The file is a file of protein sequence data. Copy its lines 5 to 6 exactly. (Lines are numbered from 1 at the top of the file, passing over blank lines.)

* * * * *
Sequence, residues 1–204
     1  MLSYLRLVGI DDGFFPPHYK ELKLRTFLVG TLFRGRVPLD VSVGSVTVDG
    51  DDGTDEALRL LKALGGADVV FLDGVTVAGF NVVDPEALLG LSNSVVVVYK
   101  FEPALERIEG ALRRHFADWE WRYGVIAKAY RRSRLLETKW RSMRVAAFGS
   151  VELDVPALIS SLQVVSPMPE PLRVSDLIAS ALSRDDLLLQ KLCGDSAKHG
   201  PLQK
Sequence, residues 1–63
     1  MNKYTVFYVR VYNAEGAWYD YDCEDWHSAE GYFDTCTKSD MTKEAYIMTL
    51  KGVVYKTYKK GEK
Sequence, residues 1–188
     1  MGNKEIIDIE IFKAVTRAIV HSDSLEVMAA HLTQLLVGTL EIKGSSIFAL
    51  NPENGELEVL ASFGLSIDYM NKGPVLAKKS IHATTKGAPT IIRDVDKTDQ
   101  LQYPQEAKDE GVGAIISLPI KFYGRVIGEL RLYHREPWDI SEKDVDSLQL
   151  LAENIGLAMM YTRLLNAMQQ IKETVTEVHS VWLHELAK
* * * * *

   151  VELDVPALIS SLQVVSPMPE PLRVSDLIAS ALSRDDLLLQ KLCGDSAKHG
   201  PLQK